It isn’t even remotely a hyperbolic statement to suggest that our future will be entirely defined by robotics. Science fiction may have filled an entire generation’s heads with visions of stark futures where our robotic servants (inexplicably using bodies like ours) do everything for us while we quickly become irrelevant. But the reality is that robots have already become virtually irreplaceable to modern society. Our robots don’t have shiny white, human-shaped heads, but the cars that drive or park themselves are robots, most manufacturing is done by robotics, and depending on how loosely we stretch the definition several of our home appliances would qualify as robots. And of course 3D printers are most certainly robots, albeit simple ones.
The big thing that most of our literary dystopian futures get wrong is the idea that robots will eventually replace the need for people. But the reality is that once robotics simplify or eliminate a human job, it just requires a different type of job to be filled somewhere else. We will always, at least for the far foreseeable future, require a human workforce of some kind. Not only are there some jobs that robots simply cannot do, but someone is going to have to design and repair the robots that we build. Thankfully, and thanks in part to an enthusiastic maker movement, schools and educators are finally starting to understand the important role STEAM and robotics education have in our coming generations’ lives.
The growing movement to bring technical education to students at younger ages has opened the door for a wide variety of new businesses that create high-tech learning projects designed to appeal to a wide range of students. Naturally, 3D printers and simple robot projects tend to be a recurring theme in many of these projects for obvious reasons. As an intern at EZ-Robot, University of Waterloo Mechatronics Engineering student James Graham-Hu had a wide range of robotic components and materials available to him when a coworker suggested building a walking robot with a rubber band gun. You know, just because.
“I mounted the gun on our Revolution:JD robot, but it wasn’t what we’d envisioned. I completely redesigned the body and legs to create EDI Mech Warrior– a completely custom EZ-Robot build. The unique backward leg design is something that we’d seen on other mech designs. For example, the Clone Scout Walker from Star Wars. I designed the EDI Mech Warrior to have this style of leg because the regular humanoid straight-style legs wouldn’t have given the mech feel that I was going for,” Graham-Hu told us via email.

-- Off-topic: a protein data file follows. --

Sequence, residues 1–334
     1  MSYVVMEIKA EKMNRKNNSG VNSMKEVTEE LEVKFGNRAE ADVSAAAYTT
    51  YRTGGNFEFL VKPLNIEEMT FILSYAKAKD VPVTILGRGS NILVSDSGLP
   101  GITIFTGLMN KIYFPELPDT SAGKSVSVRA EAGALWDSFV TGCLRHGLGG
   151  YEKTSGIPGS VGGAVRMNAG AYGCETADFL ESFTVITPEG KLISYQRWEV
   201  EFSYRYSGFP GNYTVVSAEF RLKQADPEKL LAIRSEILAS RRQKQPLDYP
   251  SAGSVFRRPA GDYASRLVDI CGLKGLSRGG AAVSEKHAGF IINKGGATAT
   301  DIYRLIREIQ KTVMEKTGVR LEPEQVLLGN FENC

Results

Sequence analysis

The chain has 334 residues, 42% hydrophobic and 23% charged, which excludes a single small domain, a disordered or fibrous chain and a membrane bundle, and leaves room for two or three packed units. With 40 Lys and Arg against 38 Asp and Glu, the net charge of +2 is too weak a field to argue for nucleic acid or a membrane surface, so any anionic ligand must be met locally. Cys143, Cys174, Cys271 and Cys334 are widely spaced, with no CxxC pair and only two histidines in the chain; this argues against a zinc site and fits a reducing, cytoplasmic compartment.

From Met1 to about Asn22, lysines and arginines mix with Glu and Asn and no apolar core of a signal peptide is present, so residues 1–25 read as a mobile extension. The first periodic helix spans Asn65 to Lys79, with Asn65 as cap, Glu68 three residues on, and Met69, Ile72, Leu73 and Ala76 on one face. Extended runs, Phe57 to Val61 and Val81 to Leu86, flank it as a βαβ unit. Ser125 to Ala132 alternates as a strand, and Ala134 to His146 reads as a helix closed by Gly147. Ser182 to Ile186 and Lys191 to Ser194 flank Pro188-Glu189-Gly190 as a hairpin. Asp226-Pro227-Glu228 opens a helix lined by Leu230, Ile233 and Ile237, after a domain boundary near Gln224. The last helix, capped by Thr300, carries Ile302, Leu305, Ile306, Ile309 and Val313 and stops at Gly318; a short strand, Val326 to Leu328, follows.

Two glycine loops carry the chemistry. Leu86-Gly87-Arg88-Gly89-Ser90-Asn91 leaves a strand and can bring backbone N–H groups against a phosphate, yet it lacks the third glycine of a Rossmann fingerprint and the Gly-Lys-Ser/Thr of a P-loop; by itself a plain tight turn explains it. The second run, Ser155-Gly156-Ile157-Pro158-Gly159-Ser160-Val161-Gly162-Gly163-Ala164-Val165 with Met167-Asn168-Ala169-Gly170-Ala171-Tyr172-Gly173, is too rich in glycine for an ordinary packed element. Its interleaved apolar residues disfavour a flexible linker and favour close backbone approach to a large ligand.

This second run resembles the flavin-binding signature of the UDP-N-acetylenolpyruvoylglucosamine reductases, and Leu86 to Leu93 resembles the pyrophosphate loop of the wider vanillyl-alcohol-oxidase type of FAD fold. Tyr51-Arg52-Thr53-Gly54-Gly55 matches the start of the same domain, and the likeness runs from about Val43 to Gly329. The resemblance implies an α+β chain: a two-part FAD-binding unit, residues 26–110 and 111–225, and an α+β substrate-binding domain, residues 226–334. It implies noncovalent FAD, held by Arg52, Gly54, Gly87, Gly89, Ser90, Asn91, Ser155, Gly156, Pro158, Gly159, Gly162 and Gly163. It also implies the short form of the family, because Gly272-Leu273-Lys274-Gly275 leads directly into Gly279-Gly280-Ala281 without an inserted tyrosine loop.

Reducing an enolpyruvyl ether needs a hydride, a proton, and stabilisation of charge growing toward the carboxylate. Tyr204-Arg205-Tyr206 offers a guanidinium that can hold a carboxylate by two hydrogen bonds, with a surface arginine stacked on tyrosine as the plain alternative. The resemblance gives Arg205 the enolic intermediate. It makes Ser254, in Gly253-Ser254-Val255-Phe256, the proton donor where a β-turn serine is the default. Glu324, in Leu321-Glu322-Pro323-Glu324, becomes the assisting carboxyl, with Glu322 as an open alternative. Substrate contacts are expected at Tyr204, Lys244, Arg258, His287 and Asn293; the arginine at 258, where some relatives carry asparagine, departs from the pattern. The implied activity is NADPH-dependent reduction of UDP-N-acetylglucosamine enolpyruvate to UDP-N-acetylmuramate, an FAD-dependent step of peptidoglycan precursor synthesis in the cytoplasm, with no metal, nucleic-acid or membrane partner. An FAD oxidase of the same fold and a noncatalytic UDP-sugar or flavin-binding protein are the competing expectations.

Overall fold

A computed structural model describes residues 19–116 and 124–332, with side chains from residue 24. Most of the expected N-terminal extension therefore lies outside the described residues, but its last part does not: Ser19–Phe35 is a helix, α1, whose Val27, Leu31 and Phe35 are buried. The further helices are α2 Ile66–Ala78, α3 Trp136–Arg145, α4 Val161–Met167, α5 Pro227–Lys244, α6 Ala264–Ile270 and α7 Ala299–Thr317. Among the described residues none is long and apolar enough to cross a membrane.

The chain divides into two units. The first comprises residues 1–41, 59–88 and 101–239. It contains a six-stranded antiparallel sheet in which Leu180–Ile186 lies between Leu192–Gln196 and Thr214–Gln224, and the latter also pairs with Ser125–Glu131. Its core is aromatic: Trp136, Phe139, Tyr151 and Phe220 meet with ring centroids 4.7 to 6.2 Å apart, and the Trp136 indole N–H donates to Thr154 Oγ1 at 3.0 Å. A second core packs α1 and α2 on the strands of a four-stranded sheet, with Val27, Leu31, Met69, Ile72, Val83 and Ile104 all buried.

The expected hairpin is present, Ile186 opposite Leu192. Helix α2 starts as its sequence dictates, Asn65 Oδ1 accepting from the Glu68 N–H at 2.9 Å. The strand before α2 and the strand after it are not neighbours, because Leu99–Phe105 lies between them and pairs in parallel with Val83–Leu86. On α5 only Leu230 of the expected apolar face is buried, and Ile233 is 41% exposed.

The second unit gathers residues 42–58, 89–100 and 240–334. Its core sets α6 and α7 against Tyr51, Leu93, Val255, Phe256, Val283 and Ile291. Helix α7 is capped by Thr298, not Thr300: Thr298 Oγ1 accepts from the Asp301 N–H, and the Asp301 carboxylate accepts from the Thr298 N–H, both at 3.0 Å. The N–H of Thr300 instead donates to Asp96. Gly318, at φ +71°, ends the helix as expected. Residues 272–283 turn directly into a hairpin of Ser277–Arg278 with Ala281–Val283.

Graham-Hu wanted EDI to be able to move very quickly, but also have a lot of flexibility to its movements and maneuverability. Bipedal robots tend to be rather slow and herky jerky, while wheeled robots are limited to specific types of surfaces and prone to being flipped over. So rather than using an existing leg design, Graham-Hu’s new leg design includes 5 servos in each leg as well as wheels. The robot’s movements and behavior was programmed using EZ-Robot’s software programming system EZ-Builder.
You can see EDI’s wide range of movements in this video here:
“[EZ-Builder] allowed me to easily create functions such as walking, driving, sitting, getting up from sitting, elastic band gun control, and even a custom mobile app. EDI is controlled by EZ-Builder either through a computer or a mobile device. To move, EDI lowers its wheels to the ground. When the wheels make contact EDI begins to move. To stop, the wheels are lifted off the ground and bring EDI to a quick halt. The gun is aimed horizontally using a servo that is attached to the main body, and can be aimed vertically by bending the knee joints,” Graham-Hu explained.
While the plastic parts that the original EDI used are injection molded parts, EZ-Robot has uploaded 3D printable STL files of all of their robotic components to Thingiverse. So provided they have a 3D printer and can source the mechanics and electronics, anyone can build their own EDI or even develop their own robotic creation. EZ-Robot has created their educational program to scale from beginners all the way up to advanced users, including lessons in soldering, electronics, and design. As for EDI, the rubber band-flinging robot is made up of 60 individual 3D printable parts and shouldn’t take much longer than 10 hours to print.
While EDI and the various robotic projects that EZ-Robot sells may just look like toys, the reality is that they actually require a lot of design and technical know-how with real world applications to complete. Just because the end result is an awesome robot that can fling rubber bands and people doesn’t mean Graham-Hu didn’t learn a lot while building it.
What do you think of this cool little robot? Discuss in the EZ-Robot forum thread on 3DPB.com.